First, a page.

1tn Aram “the house of the archives.”

2tc The translation reads בִירְתָא (birta’, citadel”) rather than the reading בְּבִירְתָא (b˙vireta’, “in the citadel”) found in the MT. The MT probably experienced dittography here.

3tn Aram “In the first year of Cyrus the king.”

4map For location see Map5-B1; Map6-F3; Map7-E2; Map8-F2; Map10-B3; JP1-F4; JP2-F4; JP3-F4; JP4-F4.

5tn Aram “raised”; or perhaps “retained” (so NASB; cf. NLT), referring to the original foundations of Solomon’s temple.

6tc The Syriac Peshitta reads “twenty cubits” here, a measurement probably derived from dimensions given elsewhere for Solomon’s temple. According to 1 Kgs 6:2 the dimensions of the Solomonic temple were as follows: length, 60 cubits; width, 20 cubits; height, 30 cubits. Since one would expect the dimensions cited in Ezra 6:3 to correspond to those of Solomon’s temple, it is odd that no dimension for length is provided. The Syriac has apparently harmonized the width dimension provided here (“twenty cubits”) to that given in 1 Kgs 6:2.

7tn Aram “Its height sixty cubits and its width sixty cubits.” The standard cubit in the OT is assumed by most authorities to be about eighteen inches (45 cm) long.

8tn Aram “stones of rolling.”

9tc The translation follows the LXX reading חַד (khad, “one”) rather than the MT חֲדַת (khadat, “new”). If the MT reading “new” is understood to mean freshly cut timber that has not yet been seasoned it would seem to be an odd choice for construction material.

10tn Aram “let be given.”

11tn Aram “house.”

12tc For the MT reading “the work on this temple of God” the LXX reads “the servant of the Lord Zurababel” [= Zerubbabel].

13tn The words “of the work” are not in the Aramaic, but are supplied in the translation for clarity.

14tn Aram “according to the word of.”

15tn Aram “for the life of the king and his sons.”

16sn The practice referred to in v. 11 has been understood in various ways: hanging (cf. 1 Esd 6:32 and KJV); flogging (cf. NEB, NLT); impalement (BDB 1091 s.v. זְקַף; HALOT 1914 s.v. מחא hitpe; cf. NAB, NIV, NRSV). The latter seems the most likely.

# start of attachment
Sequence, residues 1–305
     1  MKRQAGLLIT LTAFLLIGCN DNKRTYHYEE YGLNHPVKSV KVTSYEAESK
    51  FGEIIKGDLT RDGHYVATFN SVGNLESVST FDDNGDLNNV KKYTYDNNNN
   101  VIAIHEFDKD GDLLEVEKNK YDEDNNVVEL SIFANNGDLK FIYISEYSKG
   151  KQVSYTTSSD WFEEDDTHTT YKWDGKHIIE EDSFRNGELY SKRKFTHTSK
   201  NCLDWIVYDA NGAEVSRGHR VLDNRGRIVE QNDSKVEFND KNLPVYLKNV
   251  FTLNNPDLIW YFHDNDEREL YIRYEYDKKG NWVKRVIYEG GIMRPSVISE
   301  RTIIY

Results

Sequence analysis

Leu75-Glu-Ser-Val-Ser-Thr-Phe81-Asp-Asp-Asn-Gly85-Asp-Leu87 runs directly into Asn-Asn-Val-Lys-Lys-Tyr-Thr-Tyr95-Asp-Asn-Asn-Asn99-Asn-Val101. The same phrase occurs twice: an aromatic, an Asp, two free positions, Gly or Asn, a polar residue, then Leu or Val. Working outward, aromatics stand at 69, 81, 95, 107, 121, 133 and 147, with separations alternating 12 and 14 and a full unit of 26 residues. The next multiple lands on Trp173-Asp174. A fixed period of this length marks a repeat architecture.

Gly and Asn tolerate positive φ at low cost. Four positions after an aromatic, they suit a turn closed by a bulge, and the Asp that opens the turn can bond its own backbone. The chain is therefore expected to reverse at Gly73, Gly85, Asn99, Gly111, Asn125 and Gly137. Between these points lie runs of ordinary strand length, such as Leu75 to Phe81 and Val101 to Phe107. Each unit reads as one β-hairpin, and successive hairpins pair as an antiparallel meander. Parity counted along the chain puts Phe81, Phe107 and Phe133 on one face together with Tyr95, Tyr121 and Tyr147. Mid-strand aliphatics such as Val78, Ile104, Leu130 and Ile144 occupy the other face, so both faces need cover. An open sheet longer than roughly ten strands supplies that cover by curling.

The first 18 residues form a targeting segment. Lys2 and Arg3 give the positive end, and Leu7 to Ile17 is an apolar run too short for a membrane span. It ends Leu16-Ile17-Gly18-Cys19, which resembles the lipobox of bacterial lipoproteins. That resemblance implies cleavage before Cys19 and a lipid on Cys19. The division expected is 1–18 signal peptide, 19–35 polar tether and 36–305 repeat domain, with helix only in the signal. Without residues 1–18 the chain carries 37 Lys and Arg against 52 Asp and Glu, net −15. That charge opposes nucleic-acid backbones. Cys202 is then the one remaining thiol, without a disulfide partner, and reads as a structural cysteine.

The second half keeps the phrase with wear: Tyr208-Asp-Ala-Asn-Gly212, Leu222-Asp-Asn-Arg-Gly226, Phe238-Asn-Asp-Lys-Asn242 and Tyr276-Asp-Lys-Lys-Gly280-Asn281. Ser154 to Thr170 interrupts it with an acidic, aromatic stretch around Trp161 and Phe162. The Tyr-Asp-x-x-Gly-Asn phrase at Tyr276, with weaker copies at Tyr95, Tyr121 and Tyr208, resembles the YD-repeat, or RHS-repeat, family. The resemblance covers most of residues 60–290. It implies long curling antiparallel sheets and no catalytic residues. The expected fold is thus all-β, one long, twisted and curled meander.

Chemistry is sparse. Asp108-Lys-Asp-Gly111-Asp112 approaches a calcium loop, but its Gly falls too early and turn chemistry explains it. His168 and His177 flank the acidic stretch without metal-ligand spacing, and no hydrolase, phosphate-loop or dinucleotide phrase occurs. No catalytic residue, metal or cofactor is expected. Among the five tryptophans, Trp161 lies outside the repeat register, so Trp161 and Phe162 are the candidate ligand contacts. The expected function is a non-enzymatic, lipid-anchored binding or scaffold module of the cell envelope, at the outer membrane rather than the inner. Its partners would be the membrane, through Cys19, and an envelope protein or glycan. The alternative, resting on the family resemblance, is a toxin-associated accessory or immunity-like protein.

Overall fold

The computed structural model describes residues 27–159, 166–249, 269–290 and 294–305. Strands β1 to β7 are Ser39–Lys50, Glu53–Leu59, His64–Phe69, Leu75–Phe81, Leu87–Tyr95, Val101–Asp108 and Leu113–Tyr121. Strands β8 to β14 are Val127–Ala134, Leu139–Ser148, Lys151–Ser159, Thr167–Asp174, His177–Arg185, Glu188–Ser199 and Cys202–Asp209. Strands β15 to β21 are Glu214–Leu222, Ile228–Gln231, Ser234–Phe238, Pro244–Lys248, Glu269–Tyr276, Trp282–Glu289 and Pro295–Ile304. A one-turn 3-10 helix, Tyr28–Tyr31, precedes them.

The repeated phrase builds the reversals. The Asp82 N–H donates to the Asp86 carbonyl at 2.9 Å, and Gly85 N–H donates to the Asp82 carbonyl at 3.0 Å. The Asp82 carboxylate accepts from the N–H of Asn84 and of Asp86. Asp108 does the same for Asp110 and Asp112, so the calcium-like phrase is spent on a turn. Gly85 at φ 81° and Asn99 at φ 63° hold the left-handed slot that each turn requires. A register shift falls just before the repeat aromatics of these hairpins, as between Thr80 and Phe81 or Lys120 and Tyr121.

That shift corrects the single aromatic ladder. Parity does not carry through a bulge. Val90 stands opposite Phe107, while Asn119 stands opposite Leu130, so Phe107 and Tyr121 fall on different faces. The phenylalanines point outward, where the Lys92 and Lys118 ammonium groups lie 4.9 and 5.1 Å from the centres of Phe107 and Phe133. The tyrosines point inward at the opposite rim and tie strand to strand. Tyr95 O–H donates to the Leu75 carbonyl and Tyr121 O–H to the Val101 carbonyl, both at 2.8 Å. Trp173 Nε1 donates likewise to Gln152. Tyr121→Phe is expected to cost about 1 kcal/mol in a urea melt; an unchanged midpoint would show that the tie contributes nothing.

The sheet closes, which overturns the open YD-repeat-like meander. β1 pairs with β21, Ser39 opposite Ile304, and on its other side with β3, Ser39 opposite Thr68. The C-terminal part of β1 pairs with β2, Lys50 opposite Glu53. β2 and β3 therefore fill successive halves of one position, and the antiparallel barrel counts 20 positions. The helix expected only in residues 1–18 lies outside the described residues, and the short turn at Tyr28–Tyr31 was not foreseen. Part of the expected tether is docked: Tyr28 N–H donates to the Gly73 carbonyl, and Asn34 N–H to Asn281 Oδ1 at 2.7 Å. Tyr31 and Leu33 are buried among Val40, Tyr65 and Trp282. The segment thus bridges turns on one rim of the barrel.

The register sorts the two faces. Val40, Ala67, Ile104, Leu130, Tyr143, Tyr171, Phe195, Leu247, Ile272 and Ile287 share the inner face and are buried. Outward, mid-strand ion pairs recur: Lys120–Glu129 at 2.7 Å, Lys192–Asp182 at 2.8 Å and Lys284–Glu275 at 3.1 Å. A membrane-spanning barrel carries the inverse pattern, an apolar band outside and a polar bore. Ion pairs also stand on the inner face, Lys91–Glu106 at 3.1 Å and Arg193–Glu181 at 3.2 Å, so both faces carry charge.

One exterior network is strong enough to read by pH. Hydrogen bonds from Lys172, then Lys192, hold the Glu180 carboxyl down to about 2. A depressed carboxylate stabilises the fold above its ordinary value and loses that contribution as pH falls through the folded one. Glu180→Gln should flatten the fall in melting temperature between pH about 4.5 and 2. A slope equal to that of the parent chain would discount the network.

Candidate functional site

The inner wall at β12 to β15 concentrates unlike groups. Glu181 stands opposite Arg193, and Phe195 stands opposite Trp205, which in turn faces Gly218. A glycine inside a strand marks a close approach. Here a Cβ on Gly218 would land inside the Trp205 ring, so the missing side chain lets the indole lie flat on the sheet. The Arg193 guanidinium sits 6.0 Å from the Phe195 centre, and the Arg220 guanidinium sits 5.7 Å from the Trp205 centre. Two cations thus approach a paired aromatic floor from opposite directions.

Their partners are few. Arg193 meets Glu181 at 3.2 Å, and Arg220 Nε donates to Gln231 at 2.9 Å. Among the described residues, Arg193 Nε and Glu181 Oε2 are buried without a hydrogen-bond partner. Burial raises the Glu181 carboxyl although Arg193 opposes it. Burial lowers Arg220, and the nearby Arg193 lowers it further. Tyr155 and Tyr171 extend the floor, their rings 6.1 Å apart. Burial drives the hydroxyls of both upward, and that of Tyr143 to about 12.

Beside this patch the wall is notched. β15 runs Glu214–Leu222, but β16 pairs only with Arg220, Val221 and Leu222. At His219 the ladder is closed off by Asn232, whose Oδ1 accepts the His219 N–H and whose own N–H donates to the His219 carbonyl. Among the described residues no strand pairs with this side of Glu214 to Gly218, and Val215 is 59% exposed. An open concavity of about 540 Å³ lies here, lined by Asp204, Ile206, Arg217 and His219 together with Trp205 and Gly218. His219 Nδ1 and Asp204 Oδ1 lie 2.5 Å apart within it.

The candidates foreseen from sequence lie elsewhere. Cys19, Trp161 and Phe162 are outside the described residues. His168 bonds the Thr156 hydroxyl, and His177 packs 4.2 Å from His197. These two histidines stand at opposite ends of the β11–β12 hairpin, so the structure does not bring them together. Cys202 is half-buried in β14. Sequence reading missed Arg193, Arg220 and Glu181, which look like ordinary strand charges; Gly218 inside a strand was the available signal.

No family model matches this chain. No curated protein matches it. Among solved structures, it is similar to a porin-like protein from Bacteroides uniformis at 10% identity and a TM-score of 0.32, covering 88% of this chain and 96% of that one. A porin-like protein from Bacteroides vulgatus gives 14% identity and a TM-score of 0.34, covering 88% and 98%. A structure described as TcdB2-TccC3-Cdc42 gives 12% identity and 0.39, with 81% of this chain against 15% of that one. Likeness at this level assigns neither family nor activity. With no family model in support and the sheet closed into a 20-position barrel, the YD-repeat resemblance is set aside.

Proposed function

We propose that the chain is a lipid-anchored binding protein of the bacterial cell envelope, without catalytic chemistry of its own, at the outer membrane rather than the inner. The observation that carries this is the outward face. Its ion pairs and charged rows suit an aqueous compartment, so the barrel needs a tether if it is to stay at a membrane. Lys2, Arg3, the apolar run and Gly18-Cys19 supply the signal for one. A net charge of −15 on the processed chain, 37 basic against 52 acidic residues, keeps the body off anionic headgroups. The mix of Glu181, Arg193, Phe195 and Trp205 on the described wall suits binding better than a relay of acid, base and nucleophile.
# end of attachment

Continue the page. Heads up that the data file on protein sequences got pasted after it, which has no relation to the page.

17tn Aram “made.”

18tn Aram “a dunghill.”

19tn Aram “for this.”

20tn Aram “people.”

21tn Aram “who sends forth his hand.”

22tn Aram “sent.”

23tn Aram “in” or “by,” in the sense of accompaniment.

24sn The sixth year of the reign of Darius would be ca. 516 B.C.

25tn Aram “sons of.”

26tn Aram “sons of the exile.”

27map For location see Map5-B1; Map6-F3; Map7-E2; Map8-F2; Map10-B3; JP1-F4; JP2-F4; JP3-F4; JP4-F4.

28tn Aram “according to the writing of.”

29sn At this point the language of the book reverts from Aramaic (4:8–6:18) back to Hebrew. Aramaic will again be used in Ezra 7:12-26.

30tn Heb “the sons of the exile.” So also in v. 20.

31tn Heb “as one.” The expression is best understood as referring to the unity shown by the religious leaders in preparing themselves for the observance of Passover. On the meaning of the Hebrew phrase see DCH 1:182 s.v. אֶחָד 3b. See also HALOT 30 s.v. אֶחָד 5.

32tn Heb “brothers.”

33tn Heb “who had separated from the uncleanness of the nations of the land to them.”

34tn Heb “heart.”

35sn The expression “king of Assyria” is anachronistic, since Assyria fell in 612 b.c., long before the events of this chapter. Perhaps the expression is intended subtly to contrast earlier kings of Assyria who were hostile toward Israel with this Persian king who showed them favor.

36tn Heb “to strengthen their hands.”